Vehicle-mounted cameras track waste as small as cigarette butts
Spotted: Since 2007, more than half of the world’s population has lived in urban, rather than rural, communities. And infrastructure teams have more to manage each year as city densities grow. Maintaining a healthy built environment is a priority for many governments, with rubbish management an important part of that.
Without accurate and timely data, however, city officials are hard-pressed to assign and prioritise resources in a flexible manner. Rubbish accumulation varies greatly based on the day of the week and community routines. To tackle this challenge, Swiss company Cortexia uses artificial intelligence analysis that enables teams to see in near-to-real time where waste is located, when it tends to appear, and how current management plans map against what is on the streets.
Cameras mounted on trucks, cars, public transport vehicles, and bikes gather images on an area that are then time and location stamped for use in the analytics. The AI identifies the different types of waste visible in the photos, and users of the system can track changes over time as well as set alerts to sound when critical levels are reached.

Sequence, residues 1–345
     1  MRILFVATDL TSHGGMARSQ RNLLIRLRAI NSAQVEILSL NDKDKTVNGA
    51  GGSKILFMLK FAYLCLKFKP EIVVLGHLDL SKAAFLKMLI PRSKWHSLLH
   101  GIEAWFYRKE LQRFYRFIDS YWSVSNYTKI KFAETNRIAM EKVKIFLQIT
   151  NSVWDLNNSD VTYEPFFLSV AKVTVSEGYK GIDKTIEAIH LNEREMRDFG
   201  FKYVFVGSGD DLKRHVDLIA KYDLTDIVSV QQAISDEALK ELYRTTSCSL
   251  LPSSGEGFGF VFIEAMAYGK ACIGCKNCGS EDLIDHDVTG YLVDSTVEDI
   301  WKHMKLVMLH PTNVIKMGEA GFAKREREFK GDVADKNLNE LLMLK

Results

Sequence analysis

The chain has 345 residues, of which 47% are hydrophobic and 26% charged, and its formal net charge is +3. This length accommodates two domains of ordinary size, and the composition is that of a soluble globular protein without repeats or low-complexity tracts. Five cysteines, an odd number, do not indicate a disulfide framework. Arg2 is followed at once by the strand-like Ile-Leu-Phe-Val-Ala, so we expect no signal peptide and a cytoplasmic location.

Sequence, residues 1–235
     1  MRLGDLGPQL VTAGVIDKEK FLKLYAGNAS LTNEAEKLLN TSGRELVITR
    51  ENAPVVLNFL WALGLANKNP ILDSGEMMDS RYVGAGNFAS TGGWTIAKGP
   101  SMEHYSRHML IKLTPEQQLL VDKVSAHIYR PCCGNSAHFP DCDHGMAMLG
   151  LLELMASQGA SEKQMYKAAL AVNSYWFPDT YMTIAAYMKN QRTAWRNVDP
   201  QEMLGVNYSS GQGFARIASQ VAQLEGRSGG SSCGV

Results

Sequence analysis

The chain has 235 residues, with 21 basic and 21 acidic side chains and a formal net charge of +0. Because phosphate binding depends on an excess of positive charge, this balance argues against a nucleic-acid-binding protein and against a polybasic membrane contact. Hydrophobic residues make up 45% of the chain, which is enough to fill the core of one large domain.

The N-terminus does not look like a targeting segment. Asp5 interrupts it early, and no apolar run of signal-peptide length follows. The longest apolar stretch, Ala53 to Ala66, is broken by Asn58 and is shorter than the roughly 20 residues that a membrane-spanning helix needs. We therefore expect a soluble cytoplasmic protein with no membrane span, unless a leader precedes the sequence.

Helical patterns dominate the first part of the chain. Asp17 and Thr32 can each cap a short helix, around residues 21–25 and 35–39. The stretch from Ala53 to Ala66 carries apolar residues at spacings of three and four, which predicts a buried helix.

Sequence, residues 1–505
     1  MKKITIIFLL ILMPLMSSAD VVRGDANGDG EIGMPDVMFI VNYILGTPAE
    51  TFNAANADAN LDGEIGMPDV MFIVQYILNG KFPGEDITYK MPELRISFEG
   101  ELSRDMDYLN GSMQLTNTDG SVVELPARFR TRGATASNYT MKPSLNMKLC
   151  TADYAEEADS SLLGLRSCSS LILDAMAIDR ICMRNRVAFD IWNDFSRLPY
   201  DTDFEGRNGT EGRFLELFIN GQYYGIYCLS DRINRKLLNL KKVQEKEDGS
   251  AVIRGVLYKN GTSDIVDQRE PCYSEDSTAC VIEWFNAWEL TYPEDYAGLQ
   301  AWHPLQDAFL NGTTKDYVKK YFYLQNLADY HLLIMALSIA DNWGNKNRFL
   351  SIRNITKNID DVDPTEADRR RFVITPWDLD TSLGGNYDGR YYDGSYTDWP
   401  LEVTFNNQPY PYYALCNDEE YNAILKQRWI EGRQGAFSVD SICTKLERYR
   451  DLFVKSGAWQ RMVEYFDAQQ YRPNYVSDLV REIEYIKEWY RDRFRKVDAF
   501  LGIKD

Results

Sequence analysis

Governments use the information to allocate cleaning time and equipment as needed, including running public information and health campaigns to eliminate specific problems. The Cortexia team provides support to users to help make best use of the insights garnered by the analysis.
Encouraging citizens to contribute to the greening of their environments is a common theme in the innovations Springwise is spotting around urban cleanliness. In the UK, a prize draw provides an incentive for individuals to recycle, and in France, “gum boards” collect used chewing gum to be upcycled into skateboard wheels.
Written by: Keely Khoury